Core inflation – which strips out volatile items including energy and food to give a clearer picture of underlying trends – was unchanged from February. At 6.2% the March number was higher than January. This added to expectations the Bank of England may need to raise rates again after May’s Monetary Policy Committee meeting in order to bring inflation down on a sustainable basis. Strong wages data published in April also did little to calm fears that the Bank may not be fully on top of inflation.
The Japanese stock market maintained its positive momentum during April with the TOPIX Total Return index up by 2.7% in local terms. The Japanese yen weakened further as the tone at the first policy meeting of the Bank of Japan (BOJ) under new Governor Ueda’s leadership sounded dovish. Yen weakness continued to support investor sentiment but at the same time it reduced the return for sterling or USD based overseas investors.
Foreign investors purchased Japanese stocks at a high pace during the month. This momentum was supported by the Tokyo Stock Exchange’s initiatives to boost corporate values and stock prices for companies with below 1x price to book ratio. There also seemed to be a “Buffett effect” after legendary investor Warren Buffett added to his Japanese equity investments.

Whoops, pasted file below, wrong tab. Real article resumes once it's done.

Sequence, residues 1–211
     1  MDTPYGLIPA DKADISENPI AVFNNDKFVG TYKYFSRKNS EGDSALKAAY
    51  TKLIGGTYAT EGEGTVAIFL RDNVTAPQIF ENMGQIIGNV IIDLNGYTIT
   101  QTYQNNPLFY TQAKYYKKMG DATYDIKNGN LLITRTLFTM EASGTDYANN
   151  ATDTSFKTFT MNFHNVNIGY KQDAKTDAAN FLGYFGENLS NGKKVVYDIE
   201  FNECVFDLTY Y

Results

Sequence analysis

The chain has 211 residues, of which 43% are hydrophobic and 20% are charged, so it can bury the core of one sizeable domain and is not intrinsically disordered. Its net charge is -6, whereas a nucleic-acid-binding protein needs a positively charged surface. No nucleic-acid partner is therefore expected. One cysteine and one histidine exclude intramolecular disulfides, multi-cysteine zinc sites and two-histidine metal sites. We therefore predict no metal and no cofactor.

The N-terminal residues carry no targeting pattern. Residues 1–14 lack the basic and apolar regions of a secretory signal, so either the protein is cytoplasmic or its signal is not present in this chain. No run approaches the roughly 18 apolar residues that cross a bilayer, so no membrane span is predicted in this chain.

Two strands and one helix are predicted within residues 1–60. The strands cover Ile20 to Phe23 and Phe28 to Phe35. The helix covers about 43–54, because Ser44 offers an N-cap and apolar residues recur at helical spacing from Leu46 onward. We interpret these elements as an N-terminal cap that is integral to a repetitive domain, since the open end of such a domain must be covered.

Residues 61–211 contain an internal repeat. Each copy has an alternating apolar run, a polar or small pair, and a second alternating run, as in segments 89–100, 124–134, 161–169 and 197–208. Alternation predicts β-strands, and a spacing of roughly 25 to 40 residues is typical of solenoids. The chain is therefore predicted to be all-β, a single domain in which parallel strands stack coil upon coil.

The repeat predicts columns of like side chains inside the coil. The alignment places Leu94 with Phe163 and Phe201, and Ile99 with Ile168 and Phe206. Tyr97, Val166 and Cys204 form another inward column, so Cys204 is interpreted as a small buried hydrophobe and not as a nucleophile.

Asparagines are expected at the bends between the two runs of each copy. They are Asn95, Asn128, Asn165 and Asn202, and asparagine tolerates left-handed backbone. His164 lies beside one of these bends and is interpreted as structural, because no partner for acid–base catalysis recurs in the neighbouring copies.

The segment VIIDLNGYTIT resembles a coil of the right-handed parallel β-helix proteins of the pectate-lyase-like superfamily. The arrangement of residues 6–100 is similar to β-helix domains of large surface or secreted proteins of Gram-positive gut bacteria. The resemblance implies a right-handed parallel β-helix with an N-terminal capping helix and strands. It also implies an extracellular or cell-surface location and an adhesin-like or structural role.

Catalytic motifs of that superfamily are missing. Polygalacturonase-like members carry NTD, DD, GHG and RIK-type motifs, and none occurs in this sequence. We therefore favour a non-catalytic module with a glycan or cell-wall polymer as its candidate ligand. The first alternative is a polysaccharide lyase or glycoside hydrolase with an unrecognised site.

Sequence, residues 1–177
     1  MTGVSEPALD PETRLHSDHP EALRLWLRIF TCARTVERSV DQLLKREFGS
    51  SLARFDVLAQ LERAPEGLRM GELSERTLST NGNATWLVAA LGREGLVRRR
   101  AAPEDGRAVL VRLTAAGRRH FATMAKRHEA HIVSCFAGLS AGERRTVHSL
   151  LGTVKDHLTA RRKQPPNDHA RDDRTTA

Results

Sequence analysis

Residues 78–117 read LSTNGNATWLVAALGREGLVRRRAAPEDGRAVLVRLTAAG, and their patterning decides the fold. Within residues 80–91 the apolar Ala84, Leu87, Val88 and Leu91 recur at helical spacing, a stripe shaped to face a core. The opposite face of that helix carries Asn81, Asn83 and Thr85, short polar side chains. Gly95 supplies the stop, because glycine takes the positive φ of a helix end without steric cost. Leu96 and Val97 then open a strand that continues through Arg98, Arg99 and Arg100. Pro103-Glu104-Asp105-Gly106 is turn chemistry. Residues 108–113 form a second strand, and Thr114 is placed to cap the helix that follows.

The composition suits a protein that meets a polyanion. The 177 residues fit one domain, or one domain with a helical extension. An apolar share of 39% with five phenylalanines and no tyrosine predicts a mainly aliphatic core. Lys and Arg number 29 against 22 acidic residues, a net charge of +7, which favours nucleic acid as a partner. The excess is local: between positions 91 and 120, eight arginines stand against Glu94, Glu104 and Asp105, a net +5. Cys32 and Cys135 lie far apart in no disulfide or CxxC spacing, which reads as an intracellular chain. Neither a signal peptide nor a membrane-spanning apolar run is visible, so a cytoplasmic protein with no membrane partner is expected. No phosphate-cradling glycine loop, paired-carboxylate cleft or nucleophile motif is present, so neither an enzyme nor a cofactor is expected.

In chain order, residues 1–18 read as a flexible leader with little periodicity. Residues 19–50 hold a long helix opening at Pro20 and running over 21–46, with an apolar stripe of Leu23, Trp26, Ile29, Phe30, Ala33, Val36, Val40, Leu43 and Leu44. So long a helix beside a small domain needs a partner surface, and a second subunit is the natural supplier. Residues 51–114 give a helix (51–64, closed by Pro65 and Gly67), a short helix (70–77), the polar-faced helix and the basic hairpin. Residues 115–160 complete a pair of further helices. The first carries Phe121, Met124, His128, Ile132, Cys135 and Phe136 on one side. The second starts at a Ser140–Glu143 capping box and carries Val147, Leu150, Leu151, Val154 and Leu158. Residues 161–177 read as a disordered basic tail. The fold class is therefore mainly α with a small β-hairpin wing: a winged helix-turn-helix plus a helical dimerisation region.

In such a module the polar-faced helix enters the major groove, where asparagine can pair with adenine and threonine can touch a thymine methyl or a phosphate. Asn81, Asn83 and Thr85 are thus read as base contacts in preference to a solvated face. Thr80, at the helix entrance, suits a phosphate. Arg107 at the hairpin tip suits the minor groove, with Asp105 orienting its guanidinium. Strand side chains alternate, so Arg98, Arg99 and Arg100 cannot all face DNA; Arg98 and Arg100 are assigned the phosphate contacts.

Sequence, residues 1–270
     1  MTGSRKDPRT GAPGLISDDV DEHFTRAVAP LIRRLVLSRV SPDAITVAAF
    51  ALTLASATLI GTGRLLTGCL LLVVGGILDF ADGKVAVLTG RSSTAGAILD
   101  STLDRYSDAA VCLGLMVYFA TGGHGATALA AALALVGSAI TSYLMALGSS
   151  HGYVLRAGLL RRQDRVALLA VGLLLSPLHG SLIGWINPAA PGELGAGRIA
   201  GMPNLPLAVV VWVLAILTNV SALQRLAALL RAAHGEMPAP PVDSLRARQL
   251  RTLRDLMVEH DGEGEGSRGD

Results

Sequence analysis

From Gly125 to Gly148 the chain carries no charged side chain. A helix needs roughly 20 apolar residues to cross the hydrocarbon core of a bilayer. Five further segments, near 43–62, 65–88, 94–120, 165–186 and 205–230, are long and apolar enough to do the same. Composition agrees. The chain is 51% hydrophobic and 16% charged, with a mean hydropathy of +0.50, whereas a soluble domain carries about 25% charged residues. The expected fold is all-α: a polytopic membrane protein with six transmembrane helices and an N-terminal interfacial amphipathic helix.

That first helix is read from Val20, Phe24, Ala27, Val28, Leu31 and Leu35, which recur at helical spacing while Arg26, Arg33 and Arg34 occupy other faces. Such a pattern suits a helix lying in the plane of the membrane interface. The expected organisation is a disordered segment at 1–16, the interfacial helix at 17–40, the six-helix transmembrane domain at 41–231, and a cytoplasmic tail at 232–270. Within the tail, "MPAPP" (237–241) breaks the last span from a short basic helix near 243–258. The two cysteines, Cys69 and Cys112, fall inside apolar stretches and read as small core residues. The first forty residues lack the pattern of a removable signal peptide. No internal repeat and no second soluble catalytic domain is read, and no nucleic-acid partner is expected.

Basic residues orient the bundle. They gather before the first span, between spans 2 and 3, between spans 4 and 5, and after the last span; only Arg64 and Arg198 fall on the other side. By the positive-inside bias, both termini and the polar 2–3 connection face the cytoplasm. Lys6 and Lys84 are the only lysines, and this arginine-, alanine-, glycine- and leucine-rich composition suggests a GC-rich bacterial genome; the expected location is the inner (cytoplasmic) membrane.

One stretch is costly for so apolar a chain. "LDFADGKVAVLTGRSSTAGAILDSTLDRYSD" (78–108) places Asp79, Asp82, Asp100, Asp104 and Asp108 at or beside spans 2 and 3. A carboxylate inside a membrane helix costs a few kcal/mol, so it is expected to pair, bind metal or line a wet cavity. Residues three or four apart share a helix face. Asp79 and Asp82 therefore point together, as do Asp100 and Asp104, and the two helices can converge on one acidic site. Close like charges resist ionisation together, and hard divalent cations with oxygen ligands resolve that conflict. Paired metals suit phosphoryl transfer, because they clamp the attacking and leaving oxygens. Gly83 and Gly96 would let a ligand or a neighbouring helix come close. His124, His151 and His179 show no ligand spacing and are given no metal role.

The macroeconomic environment has been on track for recovery mainly thanks to inbound consumption. Inflation, as measured by CPI, remained at a historically high level while wage growth was also shown to have accelerated upon the spring wage negotiation between major companies and trade unions.
Retailers announced positive results for quarterly earnings and, in the last week of April, the full annual results for the Japanese fiscal year started to come out. These generally had a resilient tone. The upward momentum from the macro environment, yen weakness, and increasing focus on corporate governance reforms supported the positive outlook for corporate profits.
Asia (ex Japan)
Asia ex Japan equities recorded a negative performance in April, with sharp declines in China, Taiwan and Thailand offsetting share price gains in Indonesia and India.